China launches small-scale LNG exports to Cambodia: Is there room for growth?
On 14 January 2020 a shipment of five International Organization for Standardization (ISO) containers of LNG arrived in Cambodia. This event marks not one but two firsts: Cambodia's first gas imports and China's first gas exports to Southeast Asia.
Over nearly two decades, China has been using LNG containers to supply end users outside the pipeline system, provide emergency peak shaving, and most recently import small volumes from the international market. However, with moderating domestic demand growth, a new model has emerged: using ISO containers to divert surplus gas out of China.
China National Offshore Oil Corporation (CNOOC), who supplied the gas for this first shipment, sent the ISO tanks from its Fangchenggang transfer terminal in Guangxi province to Sihanoukville, Cambodia. The company is well-positioned to access the Southeast Asian market via its terminals along Southern Chinese coast and had previously planned for a "South-to-North" gas supply program in the domestic market.
Figure 1: CNOOC's southern LNG terminals are well-positioned to access the Southeast Asian market.
The shipment also marks Cambodian National Gas Corporation's (CNGC) first step in a plan to distribute gas to downstream users. CNGC plans to expand the use of ISO containers and LNG trucking to reach smaller energy consumers, which represent nearly 50% of total energy use in the country. As the only buyer with an LNG import license, CNGC intends to eventually bring the super-chilled fuel for power and transport through investment in LNG terminals and gas pipelines. Gas in both sectors benefits from cost competitiveness against oil products and power imports and appeals to the country's long-term goals of fuel diversity and clean energy development.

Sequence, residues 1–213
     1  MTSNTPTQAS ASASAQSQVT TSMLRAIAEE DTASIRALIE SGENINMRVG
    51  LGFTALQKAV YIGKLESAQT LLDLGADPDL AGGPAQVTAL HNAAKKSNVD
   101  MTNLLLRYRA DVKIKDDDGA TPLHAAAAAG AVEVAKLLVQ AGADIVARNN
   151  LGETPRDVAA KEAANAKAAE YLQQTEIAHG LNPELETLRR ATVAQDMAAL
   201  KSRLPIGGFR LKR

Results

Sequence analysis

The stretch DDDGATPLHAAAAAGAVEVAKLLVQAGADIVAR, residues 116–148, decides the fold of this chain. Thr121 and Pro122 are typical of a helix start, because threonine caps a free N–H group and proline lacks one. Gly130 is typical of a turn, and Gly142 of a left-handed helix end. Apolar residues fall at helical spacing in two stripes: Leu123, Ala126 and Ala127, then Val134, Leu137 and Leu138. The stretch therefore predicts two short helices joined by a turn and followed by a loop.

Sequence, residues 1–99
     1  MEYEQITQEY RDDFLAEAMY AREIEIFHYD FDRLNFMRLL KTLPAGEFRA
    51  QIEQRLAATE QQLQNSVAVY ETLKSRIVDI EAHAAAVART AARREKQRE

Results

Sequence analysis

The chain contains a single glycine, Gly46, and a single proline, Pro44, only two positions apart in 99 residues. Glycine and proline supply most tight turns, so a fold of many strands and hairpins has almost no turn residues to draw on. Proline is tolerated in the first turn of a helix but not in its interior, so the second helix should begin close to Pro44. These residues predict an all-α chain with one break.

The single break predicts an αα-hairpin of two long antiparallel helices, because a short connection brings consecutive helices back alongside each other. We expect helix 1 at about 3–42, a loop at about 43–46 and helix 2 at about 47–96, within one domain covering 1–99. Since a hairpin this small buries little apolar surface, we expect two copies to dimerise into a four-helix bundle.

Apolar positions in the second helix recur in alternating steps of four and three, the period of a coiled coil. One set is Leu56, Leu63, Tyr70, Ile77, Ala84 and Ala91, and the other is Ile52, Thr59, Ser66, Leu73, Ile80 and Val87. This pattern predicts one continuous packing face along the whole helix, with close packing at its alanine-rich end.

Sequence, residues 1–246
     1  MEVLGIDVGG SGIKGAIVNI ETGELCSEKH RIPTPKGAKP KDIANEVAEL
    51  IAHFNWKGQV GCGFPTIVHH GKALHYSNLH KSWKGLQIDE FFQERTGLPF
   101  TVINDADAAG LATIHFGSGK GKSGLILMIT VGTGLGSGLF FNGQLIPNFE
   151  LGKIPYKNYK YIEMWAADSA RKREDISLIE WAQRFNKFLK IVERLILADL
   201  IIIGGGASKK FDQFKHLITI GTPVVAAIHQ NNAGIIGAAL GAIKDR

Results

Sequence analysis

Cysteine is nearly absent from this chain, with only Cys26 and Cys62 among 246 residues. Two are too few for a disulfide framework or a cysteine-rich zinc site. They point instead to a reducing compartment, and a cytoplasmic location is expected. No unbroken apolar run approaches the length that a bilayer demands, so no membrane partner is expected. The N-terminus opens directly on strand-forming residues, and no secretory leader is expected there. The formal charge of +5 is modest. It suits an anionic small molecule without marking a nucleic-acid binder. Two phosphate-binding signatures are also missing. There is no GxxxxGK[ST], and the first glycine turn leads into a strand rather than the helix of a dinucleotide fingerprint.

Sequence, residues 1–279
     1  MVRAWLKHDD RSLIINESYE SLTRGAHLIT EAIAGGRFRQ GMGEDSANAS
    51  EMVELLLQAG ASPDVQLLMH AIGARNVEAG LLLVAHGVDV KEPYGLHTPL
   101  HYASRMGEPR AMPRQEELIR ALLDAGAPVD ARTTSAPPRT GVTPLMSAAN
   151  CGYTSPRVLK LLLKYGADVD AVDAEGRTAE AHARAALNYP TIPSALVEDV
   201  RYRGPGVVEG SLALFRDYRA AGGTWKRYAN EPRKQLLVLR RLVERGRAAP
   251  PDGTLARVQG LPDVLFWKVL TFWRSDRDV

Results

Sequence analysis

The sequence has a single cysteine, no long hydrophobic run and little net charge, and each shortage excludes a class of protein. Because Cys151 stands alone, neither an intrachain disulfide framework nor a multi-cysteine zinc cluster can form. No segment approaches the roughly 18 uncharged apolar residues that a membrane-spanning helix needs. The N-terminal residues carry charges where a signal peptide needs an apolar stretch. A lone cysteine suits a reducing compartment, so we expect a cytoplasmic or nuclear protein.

In the long term, with each ISO tank holding only around 17 metric tons of LNG, CNGC's larger plans cannot be sustained by ISO containers alone. The company currently plans to rent or purchase a floating storage and regasification unit by 2023. Until that happens, ISO tank imports will continue to be Cambodia's only short-term gas supply option.
CNGC's target to import 0.1 million metric tons (MMt) of LNG via ISO tanks in 2020 is equivalent to over 5,800 containers, which is quite a large number of tanks. Yet this barely amounts to one or two of regular size LNG cargoes. If we consider this in the context of China's over 300 Bcm of current market size, the amount is even smaller. Exports to Cambodia alone will not have a large effect on China's domestic market and exporters' business operations. In addition, ISO LNG shipping is a low-barrier entry industry, meaning China will face competition from other players in the Southeast Asian region.
Megan Jenkins is a Senior Research Analyst covering
Greater China's gas and LNG analysis.
Shi Yun Fan is a Research Analyst covering Southeast Asia's gas and LNG analysis.
Posted 19 March 2020.
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